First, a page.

Verboticism: Knockawound

'Oh no! I won't be able to message for another week!'

DEFINITION: n., A pesky but persistently painful, and seemingly incurable paper cut, which simply refuses to heal. n. To cut or injure a "high use" body part, like a fingertip, knuckle or tongue.

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Repetipain

Created by: Rhyme79

Pronunciation: ree-petty-payne

Sentence: I've got this repetipain on my finger. I swear every time I left click my mouse.

Etymology: Repeat+pain = repetipain

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Fangpang

Created by: Stevenson0

Pronunciation: fang/pang

Sentence: A pesky, irritating fangpang on his index finger makes playing the piano an excruciatingly difficult task.

Etymology: fang (appendage) + pang

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COMMENTS:

dang fangpang!! - Jabberwocky, 2007-10-03: 09:47:00

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Severlasting

Created by: mweinmann

Pronunciation: sev - ur - last - ing

Sentence: When Bonnie cut off the fingertip of the third finger of her left hand, the pain was intense at first. Now, there seemed to be a severlasting ache when any pressure was applied and she found it difficult to play her Nintendo DS.

Etymology: sever, everlasting

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Microburden

metrohumanx

Created by: metrohumanx

Pronunciation: MY-crow-BIRD-uhn

Sentence: Dr Desmond's waiting room was crowded with the usual assortment of whining hypochondriacs, industrial accident victims, bursting lacerations and a gentleman who lost a crowbar fight at the local pub. When Molly explained her MICROBURDEN to Desmond, he was strangely unsympathetic. Using a scanning electron microscope, the doctor finally located Molly's invisaffliction, and predictably prescribed Motrin and bedrest. Molly explained that her stinging woundlet was like a tiny little albatross that nagged her and made life intolerable, but Desmond inexplicably refused to administer morphine for such a piddling complaint. Molly would just have to face life with her MICROBURDEN, and use this ugly incident as a sentence to be savored on the website..."Verbotomy".

Etymology: MICRO+BURDEN=MICROBURDEN.....MICRO: prefix meaning tiny or trifling.....BURDEN: something oppressive or worrisome; Middle English, from Old English byrthen; akin to Old English beran to carry.....alternatatively: MYCROBURDEN

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COMMENTS:

metrohumanx http://www.quackwatch.org/ - metrohumanx, 2008-09-03: 08:44:00

metrohumanx Yes- I know it's a bit on the simple side...but I was distracted by Molly's lavender lipstick and tiny tear. - metrohumanx, 2008-09-03: 09:08:00

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Irinick

Batavier

Created by: Batavier

Pronunciation:

Sentence: I still have this irinick between my fingers. Everytime I want to pick something up, it hurts or starts bleeding again.

Etymology: Iritating + nick (cut)

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Everslit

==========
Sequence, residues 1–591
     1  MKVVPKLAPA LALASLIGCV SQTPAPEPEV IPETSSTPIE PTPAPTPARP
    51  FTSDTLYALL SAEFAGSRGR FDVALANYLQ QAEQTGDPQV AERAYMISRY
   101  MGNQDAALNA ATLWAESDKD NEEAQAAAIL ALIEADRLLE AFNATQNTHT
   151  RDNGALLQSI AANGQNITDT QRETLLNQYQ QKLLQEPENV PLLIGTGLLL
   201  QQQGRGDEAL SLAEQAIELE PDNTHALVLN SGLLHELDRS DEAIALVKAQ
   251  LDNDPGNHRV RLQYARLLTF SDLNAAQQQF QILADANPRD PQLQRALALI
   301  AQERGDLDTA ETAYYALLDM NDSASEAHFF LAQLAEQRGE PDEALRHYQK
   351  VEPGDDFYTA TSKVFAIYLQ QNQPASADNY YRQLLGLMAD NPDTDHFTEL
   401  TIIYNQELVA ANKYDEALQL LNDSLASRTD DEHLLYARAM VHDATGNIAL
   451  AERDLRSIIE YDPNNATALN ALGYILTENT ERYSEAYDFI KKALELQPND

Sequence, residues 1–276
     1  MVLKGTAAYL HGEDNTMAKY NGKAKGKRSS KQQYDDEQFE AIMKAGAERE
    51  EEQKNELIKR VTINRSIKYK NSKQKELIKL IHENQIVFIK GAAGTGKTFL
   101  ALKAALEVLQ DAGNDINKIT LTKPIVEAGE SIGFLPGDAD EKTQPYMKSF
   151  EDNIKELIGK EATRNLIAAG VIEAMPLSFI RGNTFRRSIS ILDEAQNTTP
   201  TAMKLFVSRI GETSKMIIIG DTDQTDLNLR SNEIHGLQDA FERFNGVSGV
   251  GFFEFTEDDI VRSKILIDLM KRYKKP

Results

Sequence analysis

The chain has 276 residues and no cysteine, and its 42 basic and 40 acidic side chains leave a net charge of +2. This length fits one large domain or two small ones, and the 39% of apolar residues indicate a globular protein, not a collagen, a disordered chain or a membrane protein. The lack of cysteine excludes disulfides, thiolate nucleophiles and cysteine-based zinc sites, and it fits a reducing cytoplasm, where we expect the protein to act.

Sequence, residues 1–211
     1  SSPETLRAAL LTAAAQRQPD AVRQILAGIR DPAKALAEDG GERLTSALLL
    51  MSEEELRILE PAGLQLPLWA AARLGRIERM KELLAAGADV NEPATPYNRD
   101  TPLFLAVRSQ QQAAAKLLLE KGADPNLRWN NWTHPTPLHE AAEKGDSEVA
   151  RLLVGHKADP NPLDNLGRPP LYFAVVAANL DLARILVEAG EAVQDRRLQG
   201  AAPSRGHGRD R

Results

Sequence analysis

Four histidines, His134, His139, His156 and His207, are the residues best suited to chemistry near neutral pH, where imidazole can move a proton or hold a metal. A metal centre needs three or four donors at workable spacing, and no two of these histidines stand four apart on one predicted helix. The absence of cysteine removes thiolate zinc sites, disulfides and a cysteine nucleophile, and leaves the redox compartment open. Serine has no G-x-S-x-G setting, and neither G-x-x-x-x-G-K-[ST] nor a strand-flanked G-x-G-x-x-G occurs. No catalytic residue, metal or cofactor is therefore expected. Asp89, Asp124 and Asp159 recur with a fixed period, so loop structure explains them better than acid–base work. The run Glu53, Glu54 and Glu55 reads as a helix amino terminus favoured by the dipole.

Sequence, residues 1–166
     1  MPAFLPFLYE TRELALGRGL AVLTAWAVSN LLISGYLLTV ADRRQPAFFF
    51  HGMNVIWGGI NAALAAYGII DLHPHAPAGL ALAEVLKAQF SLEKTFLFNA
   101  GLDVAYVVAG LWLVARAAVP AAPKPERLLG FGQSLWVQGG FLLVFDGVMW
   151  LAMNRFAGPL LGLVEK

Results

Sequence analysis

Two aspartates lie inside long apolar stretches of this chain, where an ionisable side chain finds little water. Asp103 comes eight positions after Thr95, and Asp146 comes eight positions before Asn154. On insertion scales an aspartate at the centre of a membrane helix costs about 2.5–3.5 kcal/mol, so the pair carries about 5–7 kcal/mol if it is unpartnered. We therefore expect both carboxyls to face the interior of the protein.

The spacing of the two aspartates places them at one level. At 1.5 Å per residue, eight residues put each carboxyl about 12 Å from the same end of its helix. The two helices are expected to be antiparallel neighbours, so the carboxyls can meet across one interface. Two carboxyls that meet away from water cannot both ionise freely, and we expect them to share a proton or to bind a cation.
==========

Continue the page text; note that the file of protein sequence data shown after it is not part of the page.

Created by: fourgirls

Pronunciation:

Sentence:

Etymology:

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COMMENTS:

great word! - fourgirls, 2007-10-03: 15:24:00

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Axident

artr

Created by: artr

Pronunciation: aksidənt

Sentence: John was fed up with the tree that dropped staining red berries on his new white car so he decided to chop it down. His lack of experience with tools and innate ineptitude left him with an axident in his forehead.

Etymology: ax (a tool typically used for chopping wood, usually a steel blade attached at a right angle to a wooden handle) + accident (an unfortunate incident that happens unexpectedly and unintentionally, typically resulting in damage or injury) + dent (a slight hollow in a hard, even surface made by a blow or by the exertion of pressure)

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Digitraumalinger

Created by: Mustang

Pronunciation: didj - uh - trauh - muh - lin - ger

Sentence: With the tiny cut on the tip of her index finger making ordinary tasks like typing, text messaging, and other tasks exceedingly painful, Melanie experienced major digitraumalinger over the weeks as the owie failed to heal due to the abuse.

Etymology: Blend of 'digit' (finger or toe), 'trauma' (any physical damage to the body), and 'linger' (to remain or stay on in a place longer than is usual or expected)

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Nickannoy

Created by: OZZIEBOB

Pronunciation: nik-A-noy

Sentence: Friday, a file in the finger; Tuesday, a needle in the knuckle and, on Sunday, a graze on the glabella. Mishaps menaced Bob with monotony and nickannoys were second nature to him. Finally, worried that he would develop nickanoia, he told himself it was time to knock these needless, niggling nickannoyances on the head!

Etymology: Nick: a small cut & annoy; to irritate, esp in minor but continuing way.

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COMMENTS:

nickanoia is great too - Jabberwocky, 2007-10-03: 09:49:00

Great sentence one again OZ! - Scrumpy, 2007-10-03: 15:06:00

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Traumalinger

Created by: Mustang

Pronunciation: TRAW - muh - lin - ger

Sentence: The long lasting small cut on the tip of her finger made ordinary tasks like typing, text messaging,etc very painful, and Shasta was beginning to think the traumalinger was going to be permanent.

Etymology: Blend of the words 'trauma' (injury) and 'linger' (To persist)

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